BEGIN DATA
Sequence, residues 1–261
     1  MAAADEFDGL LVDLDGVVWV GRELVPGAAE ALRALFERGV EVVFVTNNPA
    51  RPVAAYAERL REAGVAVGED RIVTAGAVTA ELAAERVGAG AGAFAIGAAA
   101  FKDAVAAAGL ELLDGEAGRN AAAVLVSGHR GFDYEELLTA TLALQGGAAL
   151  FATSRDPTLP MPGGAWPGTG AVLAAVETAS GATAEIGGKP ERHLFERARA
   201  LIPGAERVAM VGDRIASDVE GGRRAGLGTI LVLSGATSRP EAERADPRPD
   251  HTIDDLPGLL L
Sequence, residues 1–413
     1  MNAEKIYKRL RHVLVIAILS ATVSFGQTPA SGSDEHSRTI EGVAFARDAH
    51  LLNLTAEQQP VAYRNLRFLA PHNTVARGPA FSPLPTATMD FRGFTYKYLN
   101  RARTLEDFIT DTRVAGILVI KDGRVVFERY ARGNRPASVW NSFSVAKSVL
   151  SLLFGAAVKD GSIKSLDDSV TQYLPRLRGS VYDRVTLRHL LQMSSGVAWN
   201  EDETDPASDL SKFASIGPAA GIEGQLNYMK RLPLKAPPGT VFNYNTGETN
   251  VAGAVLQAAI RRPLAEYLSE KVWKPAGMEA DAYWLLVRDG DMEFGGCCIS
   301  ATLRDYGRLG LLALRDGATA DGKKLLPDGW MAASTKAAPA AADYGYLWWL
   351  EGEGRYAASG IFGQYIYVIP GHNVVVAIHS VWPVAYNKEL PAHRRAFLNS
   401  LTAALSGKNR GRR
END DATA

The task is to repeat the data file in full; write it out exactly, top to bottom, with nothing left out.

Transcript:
Sequence, residues 1–261
     1  MAAADEFDGL LVDLDGVVWV GRELVPGAAE ALRALFERGV EVVFVTNNPA
    51  RPVAAYAERL REAGVAVGED RIVTAGAVTA ELAAERVGAG AGAFAIGAAA
   101  FKDAVAAAGL ELLDGEAGRN AAAVLVSGHR GFDYEELLTA TLALQGGAAL
   151  FATSRDPTLP MPGGAWPGTG AVLAAVETAS GATAEIGGKP ERHLFERARA
   201  LIPGAERVAM VGDRIASDVE GGRRAGLGTI LVLSGATSRP EAERADPRPD
   251  HTIDDLPGLL L
Sequence, residues 1–413
     1  MNAEKIYKRL RHVLVIAILS ATVSFGQTPA SGSDEHSRTI EGVAFARDAH
    51  LLNLTAEQQP VAYRNLRFLA PHNTVARGPA FSPLPTATMD FRGFTYKYLN
   101  RARTLEDFIT DTRVAGILVI KDGRVVFERY ARGNRPASVW NSFSVAKSVL
   151  SLLFGAAVKD GSIKSLDDSV TQYLPRLRGS VYDRVTLRHL LQMSSGVAWN
   201  EDETDPASDL SKFASIGPAA GIEGQLNYMK RLPLKAPPGT VFNYNTGETN
   251  VAGAVLQAAI RRPLAEYLSE KVWKPAGMEA DAYWLLVRDG DMEFGGCCIS
   301  ATLRDYGRLG LLALRDGATA DGKKLLPDGW MAASTKAAPA AADYGYLWWL
   351  EGEGRYAASG IFGQYIYVIP GHNVVVAIHS VWPVAYNKEL PAHRRAFLNS
   401  LTAALSGKNR GRR